The implementation of the Kyoto Protocol has raised, among other pressing matters, the need of getting to know the annual levels of carbon in different earth's ecosystems. Scientists connected with the CEAMA-Andalusian Centre for the Environment (University of Granada-Andalusian Council) are studying these levels in semiarid Mediterranean scrubland, situated in Eastern Andalusia, whose results are comparable to wide regions of the world.
These researchers have analysed for the first time the CO2 level in carbonated semiarid systems. The interest of the work lies in the knowledge of the CO2 production processes and their absorption and in the conservation of one of the richest ecosystems of Spain.
One of the most recent studied on the subject is the doctoral thesis “CO2 interchanges between atmosphere and karst ecosystems: Applicability of the commonly applied techniques”, read by Penélope Serrano Ortiz and led by Doctors Andrew S. Kowalski and Lucas Alados Arboledas.
The work, supported by the “Carbon and water balance in Mediterranean thicket ecosystems in Andalusia: Effect of the climatic change” project, has permitted to quantify and identify the processes involved in carbon annual balance in a semiarid carbonated substrate ecosystem, situated in Sierra de Gádor (Almeria). After three years of observation of this ecosystem (2004-2006), through the use of the most advanced techniques (attached photo), have permitted to estimate the annual carbon balance. The carbon balance of this type of ecosystem has been checked for the first time, revealing that it acts as a CO2 drain which assimilates approximately 25 g C m-2 a year (between 10 and 20 times lower than arable land and tree ecosystems respectively).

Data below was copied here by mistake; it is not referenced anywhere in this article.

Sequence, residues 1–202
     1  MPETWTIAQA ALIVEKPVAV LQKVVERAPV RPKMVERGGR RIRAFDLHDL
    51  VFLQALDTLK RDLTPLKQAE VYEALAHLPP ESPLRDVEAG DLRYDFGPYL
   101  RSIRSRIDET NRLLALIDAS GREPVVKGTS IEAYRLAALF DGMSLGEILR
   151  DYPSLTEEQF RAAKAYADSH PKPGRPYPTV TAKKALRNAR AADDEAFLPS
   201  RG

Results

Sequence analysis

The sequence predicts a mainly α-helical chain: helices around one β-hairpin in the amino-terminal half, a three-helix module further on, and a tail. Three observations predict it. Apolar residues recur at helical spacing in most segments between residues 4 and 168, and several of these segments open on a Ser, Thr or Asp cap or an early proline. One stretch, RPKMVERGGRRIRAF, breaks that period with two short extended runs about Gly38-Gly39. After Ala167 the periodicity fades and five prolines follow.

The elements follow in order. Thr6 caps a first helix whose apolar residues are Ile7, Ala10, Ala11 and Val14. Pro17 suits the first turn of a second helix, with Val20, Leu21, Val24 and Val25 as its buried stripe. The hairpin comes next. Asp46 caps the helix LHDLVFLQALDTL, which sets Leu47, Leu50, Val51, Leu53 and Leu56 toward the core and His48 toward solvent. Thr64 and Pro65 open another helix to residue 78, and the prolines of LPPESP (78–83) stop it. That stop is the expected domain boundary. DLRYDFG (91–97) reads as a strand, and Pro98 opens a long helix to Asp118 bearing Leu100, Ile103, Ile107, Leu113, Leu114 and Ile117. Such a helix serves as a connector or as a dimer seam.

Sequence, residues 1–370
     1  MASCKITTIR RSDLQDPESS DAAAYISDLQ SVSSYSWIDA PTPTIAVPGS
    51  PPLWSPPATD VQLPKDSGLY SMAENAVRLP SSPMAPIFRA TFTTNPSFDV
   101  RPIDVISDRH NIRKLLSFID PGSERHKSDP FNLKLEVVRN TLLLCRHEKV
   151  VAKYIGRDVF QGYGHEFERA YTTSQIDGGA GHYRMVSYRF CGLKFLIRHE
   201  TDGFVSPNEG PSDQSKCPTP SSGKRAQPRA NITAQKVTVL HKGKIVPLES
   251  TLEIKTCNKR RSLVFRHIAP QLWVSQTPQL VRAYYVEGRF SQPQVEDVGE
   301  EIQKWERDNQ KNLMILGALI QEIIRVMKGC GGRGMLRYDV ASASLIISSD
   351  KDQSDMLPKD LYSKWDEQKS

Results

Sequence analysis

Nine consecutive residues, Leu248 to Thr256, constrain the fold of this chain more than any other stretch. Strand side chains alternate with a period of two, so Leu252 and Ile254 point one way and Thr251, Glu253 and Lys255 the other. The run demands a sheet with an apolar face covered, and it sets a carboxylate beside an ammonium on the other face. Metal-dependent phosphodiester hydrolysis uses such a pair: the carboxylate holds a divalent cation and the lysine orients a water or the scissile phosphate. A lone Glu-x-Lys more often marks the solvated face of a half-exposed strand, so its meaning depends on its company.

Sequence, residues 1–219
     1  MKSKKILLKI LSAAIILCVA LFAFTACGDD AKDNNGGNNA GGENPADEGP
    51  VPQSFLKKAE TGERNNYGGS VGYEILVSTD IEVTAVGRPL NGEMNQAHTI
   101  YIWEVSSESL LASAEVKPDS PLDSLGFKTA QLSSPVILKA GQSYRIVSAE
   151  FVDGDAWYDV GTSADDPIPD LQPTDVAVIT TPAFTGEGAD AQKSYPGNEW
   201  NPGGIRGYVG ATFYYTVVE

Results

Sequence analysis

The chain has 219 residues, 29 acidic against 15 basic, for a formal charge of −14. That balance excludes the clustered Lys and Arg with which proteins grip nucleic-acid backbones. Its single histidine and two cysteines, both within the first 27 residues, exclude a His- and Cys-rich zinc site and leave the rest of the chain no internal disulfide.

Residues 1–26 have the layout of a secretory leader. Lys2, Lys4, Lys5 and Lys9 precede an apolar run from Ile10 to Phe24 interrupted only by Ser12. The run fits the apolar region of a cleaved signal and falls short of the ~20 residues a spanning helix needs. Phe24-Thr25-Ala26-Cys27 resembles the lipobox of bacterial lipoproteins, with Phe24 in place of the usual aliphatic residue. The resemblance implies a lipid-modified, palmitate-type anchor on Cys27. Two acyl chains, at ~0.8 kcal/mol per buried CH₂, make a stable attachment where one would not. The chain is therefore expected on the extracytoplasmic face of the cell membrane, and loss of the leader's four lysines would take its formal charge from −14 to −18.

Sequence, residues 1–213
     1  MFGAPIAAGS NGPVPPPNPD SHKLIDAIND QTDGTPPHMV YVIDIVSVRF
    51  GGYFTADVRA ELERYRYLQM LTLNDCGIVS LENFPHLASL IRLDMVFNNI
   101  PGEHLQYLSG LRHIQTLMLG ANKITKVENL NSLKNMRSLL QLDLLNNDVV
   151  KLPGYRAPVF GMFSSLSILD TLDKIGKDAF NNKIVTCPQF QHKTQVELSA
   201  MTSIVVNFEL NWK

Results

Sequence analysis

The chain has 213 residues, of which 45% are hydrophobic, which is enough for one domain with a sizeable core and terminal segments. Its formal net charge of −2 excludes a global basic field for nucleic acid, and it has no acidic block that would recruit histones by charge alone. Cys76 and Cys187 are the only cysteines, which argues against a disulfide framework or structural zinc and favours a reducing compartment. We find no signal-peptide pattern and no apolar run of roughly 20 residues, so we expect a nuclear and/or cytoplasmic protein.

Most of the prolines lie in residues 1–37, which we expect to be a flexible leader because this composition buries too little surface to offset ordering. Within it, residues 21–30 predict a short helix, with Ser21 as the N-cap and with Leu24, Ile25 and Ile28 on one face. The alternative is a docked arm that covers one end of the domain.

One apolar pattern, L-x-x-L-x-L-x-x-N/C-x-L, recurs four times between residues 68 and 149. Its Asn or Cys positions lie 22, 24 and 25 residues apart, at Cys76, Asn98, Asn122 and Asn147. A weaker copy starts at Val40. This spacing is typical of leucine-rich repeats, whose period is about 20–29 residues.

What is the meaning of this in an area characterized by a scrubland vegetation and a dry climate? Up to now, when it came to devise measures to prevent climatic change, they used to value tree ecosystems especially; that is the origin of the emphasis made in the reforestation and forestation of neglected agricultural land. But little attention had been paid to other ecosystems, such as the thicket ecosystem object of this study, which represents more than half the forest area of Andalusia (where a great part of the biological diversity of the Mediterranean ecosystems gathers together).
In that respect, besides defining the CO2 assimilation capacity of the studied thicket area, Serrano’s thesis has proved how rain distribution conditions the functional nature of the studied ecosystem and how the duration of the drought period and, therefore, the water content, determinates the duration of the CO2 geochemical emissions, through soil ventilation.
It proves that CO2 production is not only related to vegetation, but also to geochemical emissions which increase in dry seasons.
“The hypothesis formulated in this work -says Serrano- is that the emissions are a consequence of a ventilation phenomenon of the carbonated system’s macro-pores, which appear to be connected with wind speed. In this line, certain studies on degasification phenomenon in caves and turbulent CO2 interchanges with the atmosphere, carried out by Sergio Sánchez Moral and Soledad Cuezva Robleño (Spanish Museum of Natural Sciences, CSIC) in the Altamira Cave, endorse the theory of the existence of CO2 geochemical flows in ecosystems situated in karst substrate”.
Politics and ecology
CO2 is one of the main greenhouse gases which contributes to the rise of earth’s temperature. Serrano Ortiz’s study is the first one focused on carbonated semiarid ecosystems and has proved that they act as CO2 drains, due to the action of the thickets, and as CO2 geochemical generators in dry periods (especially worrying if we reach the temperature rise predicted by climatic change models).
His work provides data of C (carbon) flows in key ecosystems for biodiversity conservation, as well as for the negotiations related to CO2 emissions.